That +2.2 W/m2 is the effective radiative forcing, which is the difference in net top of atmosphere radiation in response to a changed set of conditions (e.g., greenhouse gas and aerosol concentrations, land use) after allowing fast system feedbacks to equilibrate (e.g., tropospheric humidity, stratospheric cooling) but not allowing for slow system feedbacks (ocean heat uptake, land- and sea-ice change). That latter point is important because relatively little energy is stored in the atmosphere and land, so it’s the slow components that would adjust the system state to remove any net radiative imbalance.
But note that it’s a theoretical, diagnostic property of the system; +2.2 W/m2 is not an energy imbalance that was ever actually expressed between the pre-industrial period and the present. In reality, the forcing conditions and radiation imbalance occurred gradually, and the system responded gradually along with them, mainly by storing heat in the ocean and increasing the ocean surface temperature. That has kept the expressed, measurable imbalance down to much lower values, giving us the +0.6 W/m2 that we have today.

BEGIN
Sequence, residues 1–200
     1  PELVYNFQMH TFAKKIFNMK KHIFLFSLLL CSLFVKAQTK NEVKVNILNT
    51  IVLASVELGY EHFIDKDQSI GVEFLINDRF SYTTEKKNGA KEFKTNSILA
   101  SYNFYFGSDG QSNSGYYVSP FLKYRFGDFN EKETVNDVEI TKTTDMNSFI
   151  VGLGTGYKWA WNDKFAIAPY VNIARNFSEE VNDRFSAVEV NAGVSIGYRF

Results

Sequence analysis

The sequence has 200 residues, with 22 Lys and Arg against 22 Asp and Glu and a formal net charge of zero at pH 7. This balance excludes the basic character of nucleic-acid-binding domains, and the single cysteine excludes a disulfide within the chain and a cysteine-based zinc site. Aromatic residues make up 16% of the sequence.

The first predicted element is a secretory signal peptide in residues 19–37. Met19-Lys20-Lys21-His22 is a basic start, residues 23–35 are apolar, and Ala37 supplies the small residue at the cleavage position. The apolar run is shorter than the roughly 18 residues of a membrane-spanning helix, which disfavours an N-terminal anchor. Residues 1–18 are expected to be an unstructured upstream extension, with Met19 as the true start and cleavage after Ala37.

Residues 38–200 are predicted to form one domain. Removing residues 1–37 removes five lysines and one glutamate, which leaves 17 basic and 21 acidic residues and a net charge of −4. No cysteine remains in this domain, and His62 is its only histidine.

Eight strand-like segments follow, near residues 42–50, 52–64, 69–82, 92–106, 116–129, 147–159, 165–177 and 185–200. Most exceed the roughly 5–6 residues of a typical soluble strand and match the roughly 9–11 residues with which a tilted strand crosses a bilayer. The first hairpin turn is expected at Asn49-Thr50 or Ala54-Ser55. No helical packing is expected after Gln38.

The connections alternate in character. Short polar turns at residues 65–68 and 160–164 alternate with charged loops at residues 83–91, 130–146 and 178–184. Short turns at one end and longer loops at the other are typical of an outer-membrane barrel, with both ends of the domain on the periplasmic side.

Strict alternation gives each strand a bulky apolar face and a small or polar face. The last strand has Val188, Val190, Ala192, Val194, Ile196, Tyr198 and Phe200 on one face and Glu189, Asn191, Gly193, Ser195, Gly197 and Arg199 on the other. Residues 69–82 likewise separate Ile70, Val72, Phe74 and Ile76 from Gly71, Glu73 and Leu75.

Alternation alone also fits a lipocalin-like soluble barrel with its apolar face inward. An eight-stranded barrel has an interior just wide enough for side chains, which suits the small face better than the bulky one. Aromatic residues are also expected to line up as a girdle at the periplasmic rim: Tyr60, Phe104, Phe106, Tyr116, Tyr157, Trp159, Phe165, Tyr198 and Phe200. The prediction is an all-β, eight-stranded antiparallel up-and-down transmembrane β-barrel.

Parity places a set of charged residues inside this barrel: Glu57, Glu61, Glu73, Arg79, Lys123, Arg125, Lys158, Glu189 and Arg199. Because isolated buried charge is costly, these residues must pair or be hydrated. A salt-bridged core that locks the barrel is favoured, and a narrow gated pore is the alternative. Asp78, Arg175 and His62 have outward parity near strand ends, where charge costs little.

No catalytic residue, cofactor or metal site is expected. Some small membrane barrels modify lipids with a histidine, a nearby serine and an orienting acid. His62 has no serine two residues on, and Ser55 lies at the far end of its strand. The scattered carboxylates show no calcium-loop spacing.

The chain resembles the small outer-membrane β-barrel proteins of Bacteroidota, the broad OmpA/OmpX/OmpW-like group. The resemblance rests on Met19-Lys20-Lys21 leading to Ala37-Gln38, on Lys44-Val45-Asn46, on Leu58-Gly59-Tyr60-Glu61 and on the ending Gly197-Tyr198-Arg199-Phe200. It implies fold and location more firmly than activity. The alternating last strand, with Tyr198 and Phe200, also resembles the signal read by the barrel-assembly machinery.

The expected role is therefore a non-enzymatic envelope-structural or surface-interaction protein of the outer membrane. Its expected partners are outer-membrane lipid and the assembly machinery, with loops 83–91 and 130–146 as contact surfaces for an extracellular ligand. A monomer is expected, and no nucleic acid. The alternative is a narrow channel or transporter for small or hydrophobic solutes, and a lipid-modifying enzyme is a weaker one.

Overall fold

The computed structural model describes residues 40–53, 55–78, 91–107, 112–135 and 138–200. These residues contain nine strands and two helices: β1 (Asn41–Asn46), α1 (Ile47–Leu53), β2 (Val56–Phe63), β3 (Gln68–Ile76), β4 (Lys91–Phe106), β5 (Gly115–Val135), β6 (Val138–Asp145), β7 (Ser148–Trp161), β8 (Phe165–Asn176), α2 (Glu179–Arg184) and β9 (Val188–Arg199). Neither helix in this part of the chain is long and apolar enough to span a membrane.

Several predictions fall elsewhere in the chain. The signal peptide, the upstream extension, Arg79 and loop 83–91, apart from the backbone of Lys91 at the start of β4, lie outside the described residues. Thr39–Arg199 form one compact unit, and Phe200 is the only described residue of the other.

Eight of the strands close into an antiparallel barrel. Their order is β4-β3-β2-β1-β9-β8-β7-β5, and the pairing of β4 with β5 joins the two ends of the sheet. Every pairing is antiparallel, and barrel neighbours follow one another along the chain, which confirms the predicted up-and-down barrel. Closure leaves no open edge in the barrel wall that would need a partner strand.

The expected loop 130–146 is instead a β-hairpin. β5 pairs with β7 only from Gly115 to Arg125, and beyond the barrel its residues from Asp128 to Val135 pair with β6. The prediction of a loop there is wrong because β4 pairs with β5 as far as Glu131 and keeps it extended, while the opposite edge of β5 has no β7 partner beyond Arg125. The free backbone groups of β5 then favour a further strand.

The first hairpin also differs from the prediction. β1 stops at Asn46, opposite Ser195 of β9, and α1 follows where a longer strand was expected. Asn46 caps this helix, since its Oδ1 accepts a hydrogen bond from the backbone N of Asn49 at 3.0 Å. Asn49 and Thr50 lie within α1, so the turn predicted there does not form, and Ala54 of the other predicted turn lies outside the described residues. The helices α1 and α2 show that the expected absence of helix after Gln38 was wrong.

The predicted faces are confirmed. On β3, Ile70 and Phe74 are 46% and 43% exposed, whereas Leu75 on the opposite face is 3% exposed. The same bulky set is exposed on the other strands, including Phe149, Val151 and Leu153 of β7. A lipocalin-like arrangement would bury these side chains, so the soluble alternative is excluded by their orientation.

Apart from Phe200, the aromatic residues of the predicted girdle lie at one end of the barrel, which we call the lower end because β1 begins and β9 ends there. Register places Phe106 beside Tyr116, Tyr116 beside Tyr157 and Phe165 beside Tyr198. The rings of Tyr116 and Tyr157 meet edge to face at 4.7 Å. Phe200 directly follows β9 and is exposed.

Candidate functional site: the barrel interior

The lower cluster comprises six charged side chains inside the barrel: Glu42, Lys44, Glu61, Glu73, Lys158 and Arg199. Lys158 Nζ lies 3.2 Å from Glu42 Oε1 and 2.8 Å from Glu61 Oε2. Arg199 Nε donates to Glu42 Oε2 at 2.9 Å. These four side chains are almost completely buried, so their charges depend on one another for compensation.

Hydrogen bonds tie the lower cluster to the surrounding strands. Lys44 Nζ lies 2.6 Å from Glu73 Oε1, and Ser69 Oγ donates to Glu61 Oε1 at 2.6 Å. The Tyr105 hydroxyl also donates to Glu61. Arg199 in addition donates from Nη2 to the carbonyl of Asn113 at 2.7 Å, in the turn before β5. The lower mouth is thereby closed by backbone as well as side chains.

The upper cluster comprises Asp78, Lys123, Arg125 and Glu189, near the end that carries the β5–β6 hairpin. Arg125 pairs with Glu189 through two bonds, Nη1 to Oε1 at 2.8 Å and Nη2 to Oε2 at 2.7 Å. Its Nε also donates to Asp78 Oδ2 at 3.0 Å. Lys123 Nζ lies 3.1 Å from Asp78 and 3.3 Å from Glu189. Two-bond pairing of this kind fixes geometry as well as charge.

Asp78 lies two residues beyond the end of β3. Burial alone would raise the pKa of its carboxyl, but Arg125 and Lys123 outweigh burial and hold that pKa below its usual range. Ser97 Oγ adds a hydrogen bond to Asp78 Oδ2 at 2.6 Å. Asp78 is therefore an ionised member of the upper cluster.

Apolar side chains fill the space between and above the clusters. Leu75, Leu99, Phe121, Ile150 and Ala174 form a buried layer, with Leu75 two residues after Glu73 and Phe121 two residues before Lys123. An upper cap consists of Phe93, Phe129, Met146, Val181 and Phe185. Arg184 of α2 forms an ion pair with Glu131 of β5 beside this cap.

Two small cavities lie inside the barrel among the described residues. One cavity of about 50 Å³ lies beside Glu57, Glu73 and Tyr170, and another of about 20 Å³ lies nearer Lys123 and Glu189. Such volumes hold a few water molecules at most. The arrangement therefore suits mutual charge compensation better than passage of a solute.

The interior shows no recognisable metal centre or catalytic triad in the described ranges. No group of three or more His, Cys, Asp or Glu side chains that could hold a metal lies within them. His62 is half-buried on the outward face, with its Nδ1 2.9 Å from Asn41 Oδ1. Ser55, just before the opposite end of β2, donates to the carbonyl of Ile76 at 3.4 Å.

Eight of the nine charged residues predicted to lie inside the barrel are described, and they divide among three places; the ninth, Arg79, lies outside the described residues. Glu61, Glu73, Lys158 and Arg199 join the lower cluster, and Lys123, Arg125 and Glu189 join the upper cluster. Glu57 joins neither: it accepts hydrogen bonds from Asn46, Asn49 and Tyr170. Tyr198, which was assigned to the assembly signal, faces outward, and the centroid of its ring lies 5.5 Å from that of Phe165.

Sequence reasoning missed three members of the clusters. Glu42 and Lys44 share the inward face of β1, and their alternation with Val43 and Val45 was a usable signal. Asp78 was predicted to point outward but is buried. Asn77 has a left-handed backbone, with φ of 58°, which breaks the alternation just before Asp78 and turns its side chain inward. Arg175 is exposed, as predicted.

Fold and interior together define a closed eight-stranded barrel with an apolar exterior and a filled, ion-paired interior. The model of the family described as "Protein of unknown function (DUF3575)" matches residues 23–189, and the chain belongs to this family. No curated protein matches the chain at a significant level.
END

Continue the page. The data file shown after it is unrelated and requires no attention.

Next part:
As for the pre-industrial imbalance, well, to quote Andrews and Forster (2020):
Since heat uptake was not observed in the nineteenth century, climate and energy balance models must be used to infer the pre-industrial energy imbalance. Forster summarized this to be around 0.10 W/m2 …
My experience from climate models is that 0.1 W/m2 is the typical variability in the decadal mean radiation balance in pre-industrial control simulations, so that observed estimate is probably not distinguishable from noise for a system that’s basically in radiative balance. In the absence of any solid evidence to the contrary, we normally use a target of radiative balance and no drift in long term model state when spinning-up pre-industrial model climates.